My column, Domestic Bliss, was born 10 years ago, when I was relatively newly divorced, learning to be the single working mother of three young boys and a college-age daughter.
Bliss enjoyed a brief run as a real-estate column, an idea lifted from another alternative newsweekly, wherein I visited houses for sale and riffed on whatever associations of homes past or present they evoked for me.
That was fun, but Domestic Bliss quickly evolved into a personal column designed to explore the complications, joys, wonders and frustrations of family. When people asked me what the column was supposed to do, I usually said it attempted to describe the education of a mother.
The column took many turns over a decade, but was always written as a conversation with a friend, mulling over whatever events or ideas tickled my addled brain any given week.
You, dear reader, were the friend. With this final column, I want to thank you for 10 years of patience and friendship, for your indulgence, for listening. Believe me when I say that no one has ever had a better friend.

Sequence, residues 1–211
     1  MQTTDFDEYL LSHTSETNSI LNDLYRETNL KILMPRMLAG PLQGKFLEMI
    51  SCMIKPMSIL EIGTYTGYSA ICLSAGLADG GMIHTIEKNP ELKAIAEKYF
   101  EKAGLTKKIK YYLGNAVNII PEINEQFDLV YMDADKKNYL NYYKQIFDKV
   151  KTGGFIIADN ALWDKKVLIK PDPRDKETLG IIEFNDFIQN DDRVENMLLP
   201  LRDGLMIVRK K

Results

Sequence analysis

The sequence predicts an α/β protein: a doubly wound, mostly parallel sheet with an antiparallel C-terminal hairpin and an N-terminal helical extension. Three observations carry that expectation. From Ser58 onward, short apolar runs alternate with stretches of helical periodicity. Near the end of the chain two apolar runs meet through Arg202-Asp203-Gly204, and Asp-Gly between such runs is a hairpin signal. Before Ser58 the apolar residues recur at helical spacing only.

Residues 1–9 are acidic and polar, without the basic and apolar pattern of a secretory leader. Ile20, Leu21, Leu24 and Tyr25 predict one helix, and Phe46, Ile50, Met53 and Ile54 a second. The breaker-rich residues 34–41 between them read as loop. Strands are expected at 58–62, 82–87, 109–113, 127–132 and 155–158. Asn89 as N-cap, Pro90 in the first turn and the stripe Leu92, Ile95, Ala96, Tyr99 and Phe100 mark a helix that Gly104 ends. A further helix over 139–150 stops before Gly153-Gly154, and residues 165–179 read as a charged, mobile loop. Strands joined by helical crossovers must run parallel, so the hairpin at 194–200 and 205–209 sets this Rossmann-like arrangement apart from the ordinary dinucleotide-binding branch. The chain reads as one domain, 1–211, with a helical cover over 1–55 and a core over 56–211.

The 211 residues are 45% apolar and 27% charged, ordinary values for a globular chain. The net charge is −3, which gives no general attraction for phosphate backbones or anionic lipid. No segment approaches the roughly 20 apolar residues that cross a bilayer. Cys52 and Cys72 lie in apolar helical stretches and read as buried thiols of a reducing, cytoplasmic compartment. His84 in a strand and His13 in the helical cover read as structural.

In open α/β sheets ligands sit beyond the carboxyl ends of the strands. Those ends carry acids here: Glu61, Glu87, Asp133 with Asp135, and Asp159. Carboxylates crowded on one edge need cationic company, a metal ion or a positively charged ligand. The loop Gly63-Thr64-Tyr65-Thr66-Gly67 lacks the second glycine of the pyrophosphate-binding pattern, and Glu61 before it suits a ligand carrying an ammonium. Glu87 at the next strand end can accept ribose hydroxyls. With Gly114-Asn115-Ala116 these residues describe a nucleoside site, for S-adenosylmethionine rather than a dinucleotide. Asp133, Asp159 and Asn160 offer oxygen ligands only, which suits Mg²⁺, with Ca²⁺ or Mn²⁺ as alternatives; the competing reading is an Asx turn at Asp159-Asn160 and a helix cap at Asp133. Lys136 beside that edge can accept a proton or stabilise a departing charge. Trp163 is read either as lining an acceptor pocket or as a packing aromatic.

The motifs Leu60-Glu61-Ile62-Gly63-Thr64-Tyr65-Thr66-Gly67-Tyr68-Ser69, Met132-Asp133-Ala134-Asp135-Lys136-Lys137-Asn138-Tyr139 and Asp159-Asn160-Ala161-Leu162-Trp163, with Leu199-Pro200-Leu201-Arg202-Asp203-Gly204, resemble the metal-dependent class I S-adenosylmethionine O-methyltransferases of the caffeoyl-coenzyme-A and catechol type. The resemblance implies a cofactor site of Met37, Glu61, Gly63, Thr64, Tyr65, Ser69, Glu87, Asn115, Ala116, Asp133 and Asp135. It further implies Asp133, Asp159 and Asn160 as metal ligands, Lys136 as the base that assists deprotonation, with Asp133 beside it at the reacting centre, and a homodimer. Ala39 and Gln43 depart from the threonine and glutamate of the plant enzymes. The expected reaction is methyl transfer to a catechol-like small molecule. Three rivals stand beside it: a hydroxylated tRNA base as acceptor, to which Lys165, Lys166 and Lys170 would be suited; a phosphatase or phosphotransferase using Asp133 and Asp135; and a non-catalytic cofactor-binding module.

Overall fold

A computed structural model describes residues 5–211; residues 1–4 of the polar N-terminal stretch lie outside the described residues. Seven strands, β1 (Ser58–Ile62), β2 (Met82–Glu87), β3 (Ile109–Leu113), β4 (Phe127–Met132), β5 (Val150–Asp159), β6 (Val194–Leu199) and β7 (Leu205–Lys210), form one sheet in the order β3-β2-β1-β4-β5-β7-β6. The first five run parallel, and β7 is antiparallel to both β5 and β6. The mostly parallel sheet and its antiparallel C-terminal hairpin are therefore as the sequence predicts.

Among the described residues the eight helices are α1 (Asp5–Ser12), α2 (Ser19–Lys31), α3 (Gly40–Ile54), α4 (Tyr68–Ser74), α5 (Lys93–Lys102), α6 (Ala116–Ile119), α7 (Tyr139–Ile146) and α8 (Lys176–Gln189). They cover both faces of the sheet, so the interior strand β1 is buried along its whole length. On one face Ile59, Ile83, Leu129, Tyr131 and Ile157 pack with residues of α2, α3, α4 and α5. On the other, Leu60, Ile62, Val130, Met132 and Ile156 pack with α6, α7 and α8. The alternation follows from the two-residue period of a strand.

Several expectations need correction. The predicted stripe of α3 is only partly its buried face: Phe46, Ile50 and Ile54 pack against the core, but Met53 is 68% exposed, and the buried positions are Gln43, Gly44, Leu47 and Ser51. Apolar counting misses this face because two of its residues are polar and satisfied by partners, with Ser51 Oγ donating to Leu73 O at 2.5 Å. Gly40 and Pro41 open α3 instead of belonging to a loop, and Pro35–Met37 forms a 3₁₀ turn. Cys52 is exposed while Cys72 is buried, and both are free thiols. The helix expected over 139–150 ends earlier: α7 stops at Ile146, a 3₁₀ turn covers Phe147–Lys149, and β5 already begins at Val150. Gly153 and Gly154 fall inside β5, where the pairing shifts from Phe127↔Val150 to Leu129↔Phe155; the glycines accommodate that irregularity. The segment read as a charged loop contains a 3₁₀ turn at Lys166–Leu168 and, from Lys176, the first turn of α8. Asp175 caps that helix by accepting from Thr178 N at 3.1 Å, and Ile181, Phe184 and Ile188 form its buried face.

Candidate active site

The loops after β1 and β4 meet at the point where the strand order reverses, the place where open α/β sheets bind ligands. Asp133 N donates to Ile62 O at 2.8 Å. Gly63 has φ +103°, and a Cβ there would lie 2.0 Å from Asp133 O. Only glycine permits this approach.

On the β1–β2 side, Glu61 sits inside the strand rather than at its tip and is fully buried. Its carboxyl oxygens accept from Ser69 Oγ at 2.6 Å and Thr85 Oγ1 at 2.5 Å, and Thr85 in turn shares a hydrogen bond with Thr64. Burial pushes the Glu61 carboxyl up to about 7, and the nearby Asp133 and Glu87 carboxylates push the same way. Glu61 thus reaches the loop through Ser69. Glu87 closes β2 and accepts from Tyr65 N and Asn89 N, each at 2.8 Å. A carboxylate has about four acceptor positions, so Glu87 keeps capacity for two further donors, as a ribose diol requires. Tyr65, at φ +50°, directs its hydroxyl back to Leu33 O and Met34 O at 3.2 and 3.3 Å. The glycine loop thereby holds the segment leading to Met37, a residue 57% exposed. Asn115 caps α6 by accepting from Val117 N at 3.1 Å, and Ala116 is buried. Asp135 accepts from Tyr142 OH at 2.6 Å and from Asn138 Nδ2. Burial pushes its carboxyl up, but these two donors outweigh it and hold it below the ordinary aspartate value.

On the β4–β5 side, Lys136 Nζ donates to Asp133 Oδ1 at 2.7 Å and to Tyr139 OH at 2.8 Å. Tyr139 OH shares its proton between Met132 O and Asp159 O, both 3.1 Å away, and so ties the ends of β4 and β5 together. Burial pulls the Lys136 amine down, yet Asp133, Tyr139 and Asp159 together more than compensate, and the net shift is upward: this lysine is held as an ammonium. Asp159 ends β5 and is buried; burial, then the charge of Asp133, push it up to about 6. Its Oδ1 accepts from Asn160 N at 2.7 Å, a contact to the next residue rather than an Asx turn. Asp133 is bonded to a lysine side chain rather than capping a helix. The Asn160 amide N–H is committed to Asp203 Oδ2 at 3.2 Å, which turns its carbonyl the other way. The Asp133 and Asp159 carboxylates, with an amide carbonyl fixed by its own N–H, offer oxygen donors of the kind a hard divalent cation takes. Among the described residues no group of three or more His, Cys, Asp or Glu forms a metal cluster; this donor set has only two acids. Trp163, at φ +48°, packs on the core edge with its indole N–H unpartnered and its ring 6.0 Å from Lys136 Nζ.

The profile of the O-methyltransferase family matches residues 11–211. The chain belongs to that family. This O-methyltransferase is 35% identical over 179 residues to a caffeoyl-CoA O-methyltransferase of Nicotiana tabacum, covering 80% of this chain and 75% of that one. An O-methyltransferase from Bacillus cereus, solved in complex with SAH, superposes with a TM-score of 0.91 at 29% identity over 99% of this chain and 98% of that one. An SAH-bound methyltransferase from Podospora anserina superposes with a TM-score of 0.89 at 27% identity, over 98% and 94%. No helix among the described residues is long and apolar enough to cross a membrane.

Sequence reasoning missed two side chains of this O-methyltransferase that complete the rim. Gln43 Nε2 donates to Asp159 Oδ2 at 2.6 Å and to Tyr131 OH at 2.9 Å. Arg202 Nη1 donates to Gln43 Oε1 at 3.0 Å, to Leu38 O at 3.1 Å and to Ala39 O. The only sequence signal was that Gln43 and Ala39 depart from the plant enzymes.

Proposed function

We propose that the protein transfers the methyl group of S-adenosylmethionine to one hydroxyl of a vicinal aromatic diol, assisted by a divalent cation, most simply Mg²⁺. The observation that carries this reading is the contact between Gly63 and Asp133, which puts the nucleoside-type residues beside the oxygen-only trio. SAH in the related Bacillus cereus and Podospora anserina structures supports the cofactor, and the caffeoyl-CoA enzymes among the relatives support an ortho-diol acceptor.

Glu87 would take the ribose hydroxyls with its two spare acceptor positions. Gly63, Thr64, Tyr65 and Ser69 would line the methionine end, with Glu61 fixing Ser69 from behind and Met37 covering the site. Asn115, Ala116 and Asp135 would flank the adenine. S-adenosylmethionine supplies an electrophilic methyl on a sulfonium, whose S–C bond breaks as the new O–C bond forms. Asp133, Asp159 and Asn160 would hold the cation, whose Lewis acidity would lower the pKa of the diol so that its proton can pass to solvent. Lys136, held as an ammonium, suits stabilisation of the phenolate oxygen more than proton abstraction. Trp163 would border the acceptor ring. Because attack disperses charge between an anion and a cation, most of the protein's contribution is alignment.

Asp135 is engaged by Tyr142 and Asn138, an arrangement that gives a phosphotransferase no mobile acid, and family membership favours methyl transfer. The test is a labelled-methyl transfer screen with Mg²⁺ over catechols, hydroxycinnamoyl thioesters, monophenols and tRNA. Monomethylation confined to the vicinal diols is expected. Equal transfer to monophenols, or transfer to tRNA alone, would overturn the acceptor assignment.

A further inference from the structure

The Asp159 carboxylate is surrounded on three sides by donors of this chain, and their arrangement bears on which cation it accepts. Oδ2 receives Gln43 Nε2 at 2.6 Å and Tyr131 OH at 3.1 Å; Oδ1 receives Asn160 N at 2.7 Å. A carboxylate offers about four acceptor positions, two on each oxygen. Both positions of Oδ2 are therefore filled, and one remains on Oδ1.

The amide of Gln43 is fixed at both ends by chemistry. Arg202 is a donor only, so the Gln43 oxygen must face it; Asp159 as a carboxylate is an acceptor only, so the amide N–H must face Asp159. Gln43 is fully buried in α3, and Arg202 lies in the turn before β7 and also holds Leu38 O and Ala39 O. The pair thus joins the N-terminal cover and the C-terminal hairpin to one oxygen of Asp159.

You wrote back regularly. When you were frustrated or bored with my ramblings, you told me so. When the column transported you back to your own childhood, to sad times when you lost someone you loved, to an embarrassing personal or parental catastrophe, you let me know. Occasionally, you wrote your own Blisses and sent them to me to read. Sometimes, you ran into me at my favorite breakfast joint and asked about the kids. Once, you told me I was prettier than my picture at the top of the page.
Thanks I needed that.
You watched my children grow up, and you watched me pass through my mid-life crisis. Now Domestic Bliss has run its course. The column, the Independent and you have brought me to a new place, where I'm growing books (two, to be exact) instead of kids and a newspaper. It's a late start but, as you know, I'm a late bloomer.
Combing, cutting and pasting my files in preparation for this farewell, I compiled over 500 pages of Domestic Blisses. Some of them were good, some terrible. As with all friendships, sometimes I delivered and sometimes I let you down. You, on the other hand, were utterly reliable.